By refocusing on the end-user experience, you ensure every user gets everything she needs to succeed … versus releasing them to fend for themselves.

The thing that makes this principle so controversial is that traditionally “managers” have been the decision makers when it comes to software purchases -— CRM in particular. But the way software is purchased has changed. Today, end users have much more influence and power in the decision-making process. Their adoption makes or breaks the success of software implementation and they have wide latitude in terms of trying many different options before a final decision is made. “Are you actually going to use it?” is a common (and required) question that management now asks of their front-line users before making a decision to buy a piece of software.

Principle 2: Progress over process

Since traditional CRM systems built for managers (see above) prioritized features that would help those managers build rigid processes, as CRM evolved, the software moved away from its initial purpose of *customer relationship management.* CRM solutions instead became big process engines.

But now that we know that our customers’ businesses don’t adhere to any specific, rigid process, and that they need flexibility to adapt and adjust over time (especially the majority of smaller businesses), we don’t want to force them to follow a process just because it worked for another business. That’s not the path to success. We get that what they really care about is progress. Advancing their relationships. Moving their deals forward. Expanding their business.

This principle allows us to prioritize that work which helps our users more easily and effectively grow their connections, their opportunities, their business … vs work that forces them to build formal processes.

Here’s one instance: Soon we’ll allow any user in Copper to invite a teammate into Copper without having to immediately pay for a seat (new invites will be allowed a free trial period). Traditionally, inviting users to a CRM required an onerous internal approval process because adding a user to a CRM meant purchasing a new seat. This approval process created a bottleneck that almost always limited — you guessed it — progress. With this release, Copper users that need to collaborate with a teammate can quickly add that teammate to Copper and punt this approval process for later.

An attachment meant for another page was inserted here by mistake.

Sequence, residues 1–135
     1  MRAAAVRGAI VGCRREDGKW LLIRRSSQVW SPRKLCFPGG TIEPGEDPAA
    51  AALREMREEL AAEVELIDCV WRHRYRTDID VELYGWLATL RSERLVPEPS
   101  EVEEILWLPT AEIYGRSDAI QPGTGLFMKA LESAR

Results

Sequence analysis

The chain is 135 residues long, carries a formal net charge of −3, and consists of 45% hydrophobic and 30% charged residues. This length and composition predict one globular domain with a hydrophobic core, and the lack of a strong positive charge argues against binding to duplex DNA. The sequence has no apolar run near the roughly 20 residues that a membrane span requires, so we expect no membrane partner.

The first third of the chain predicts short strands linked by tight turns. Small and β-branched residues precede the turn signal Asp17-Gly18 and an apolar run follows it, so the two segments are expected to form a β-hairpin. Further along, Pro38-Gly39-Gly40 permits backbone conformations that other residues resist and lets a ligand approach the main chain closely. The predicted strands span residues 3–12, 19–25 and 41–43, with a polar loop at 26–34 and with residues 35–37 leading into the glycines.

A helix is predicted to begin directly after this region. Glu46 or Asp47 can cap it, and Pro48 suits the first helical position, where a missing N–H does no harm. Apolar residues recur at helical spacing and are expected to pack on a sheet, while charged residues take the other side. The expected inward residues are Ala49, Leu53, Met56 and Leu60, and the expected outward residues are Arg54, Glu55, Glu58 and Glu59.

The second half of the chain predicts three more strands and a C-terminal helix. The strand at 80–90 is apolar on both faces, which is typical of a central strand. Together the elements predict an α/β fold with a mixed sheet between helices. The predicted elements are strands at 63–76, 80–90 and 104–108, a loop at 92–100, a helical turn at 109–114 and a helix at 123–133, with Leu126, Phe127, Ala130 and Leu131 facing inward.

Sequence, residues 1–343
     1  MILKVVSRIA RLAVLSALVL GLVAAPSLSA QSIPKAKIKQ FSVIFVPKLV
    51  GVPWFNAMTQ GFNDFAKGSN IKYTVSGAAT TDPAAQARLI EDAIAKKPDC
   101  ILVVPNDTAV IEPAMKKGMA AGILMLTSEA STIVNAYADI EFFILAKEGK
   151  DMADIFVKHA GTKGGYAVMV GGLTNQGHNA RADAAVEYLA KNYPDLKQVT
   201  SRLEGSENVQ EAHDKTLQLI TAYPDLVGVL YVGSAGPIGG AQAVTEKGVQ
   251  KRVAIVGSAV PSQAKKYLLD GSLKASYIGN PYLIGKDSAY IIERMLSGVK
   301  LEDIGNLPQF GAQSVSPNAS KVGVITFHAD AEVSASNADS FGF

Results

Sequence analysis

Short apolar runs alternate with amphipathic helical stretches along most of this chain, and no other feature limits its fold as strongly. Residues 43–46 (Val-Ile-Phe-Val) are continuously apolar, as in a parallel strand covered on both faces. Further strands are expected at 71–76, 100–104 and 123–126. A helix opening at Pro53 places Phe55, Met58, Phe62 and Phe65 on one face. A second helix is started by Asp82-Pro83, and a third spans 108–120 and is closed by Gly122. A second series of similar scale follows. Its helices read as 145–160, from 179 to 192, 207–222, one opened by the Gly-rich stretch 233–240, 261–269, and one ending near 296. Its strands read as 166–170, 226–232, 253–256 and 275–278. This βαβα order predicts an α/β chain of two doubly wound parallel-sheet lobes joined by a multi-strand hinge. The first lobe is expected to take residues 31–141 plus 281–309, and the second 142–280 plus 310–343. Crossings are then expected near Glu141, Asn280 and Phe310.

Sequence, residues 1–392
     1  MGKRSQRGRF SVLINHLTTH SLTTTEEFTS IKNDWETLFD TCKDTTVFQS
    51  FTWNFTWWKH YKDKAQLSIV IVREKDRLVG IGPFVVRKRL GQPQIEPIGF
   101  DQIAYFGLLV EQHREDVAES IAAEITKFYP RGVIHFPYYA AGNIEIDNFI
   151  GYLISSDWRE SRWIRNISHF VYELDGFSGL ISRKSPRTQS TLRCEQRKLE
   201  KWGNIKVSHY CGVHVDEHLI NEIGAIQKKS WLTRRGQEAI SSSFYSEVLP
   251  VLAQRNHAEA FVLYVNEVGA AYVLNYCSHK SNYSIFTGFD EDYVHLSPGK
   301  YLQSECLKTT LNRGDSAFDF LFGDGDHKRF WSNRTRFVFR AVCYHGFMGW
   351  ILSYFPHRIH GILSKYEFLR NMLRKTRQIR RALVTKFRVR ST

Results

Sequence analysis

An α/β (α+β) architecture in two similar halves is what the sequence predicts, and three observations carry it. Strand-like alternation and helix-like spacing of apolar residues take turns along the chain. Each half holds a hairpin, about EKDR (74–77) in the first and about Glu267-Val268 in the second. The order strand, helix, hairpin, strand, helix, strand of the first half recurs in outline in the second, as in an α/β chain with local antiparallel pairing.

See? Progress over process.

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Principle 3: Make Google better

Our third principle relates to one of our key differentiators in the market: our deep integration with Google Workspace. We have a set strip of work on our roadmap to continue to deepen our connection to Google Workspace, but with so many options and opportunities, we needed a principle that would help us focus on the right work. For a long time, we viewed our connection with Google as a way to make the Copper experience better.

This year, we wanted to take a different perspective on this relationship. Flip it on its head. We know many Google Workspace users spend the majority of their time living in their Google products — from Gmail, to Calendar, to Docs and more. So when our customers use Copper as their CRM solution, we want to make their Google experience better.

For example, we recently added our world-famous Copper Chrome extension, which had always only lived in Gmail, to Google Calendar. We realized that having CRM data quickly and easily accessible while setting and preparing for meetings in GCal would make that experience infinitely better.

In short, Google becomes better because you’re using Copper. Not the other way around.

The impact of product principles

Burning these three simple principles into the psyche of everyone on the team has already started to have a significant impact on how we've approached our work this year. For example: When we review our backlog and feature requests list, we know what to prioritize. We’ve taken a fresh look at our entire existing feature set and identified areas that, according to our new principles, give us plenty of opportunity to improve the existing experience.

In fact, one of our major feature initiatives for the first half of the year was born from this exercise. In a way, implementing these principles has “democratized” decision making across the product, design and engineering team because anyone on the team can make clear-cut, principle-based decisions, leading to some real productivity wins so far.

Overall, the work that went into creating a set of simple, clear but meaningful product principles has paid big dividends for us as a product team — and we think it’ll start paying big dividends for our users in very short order.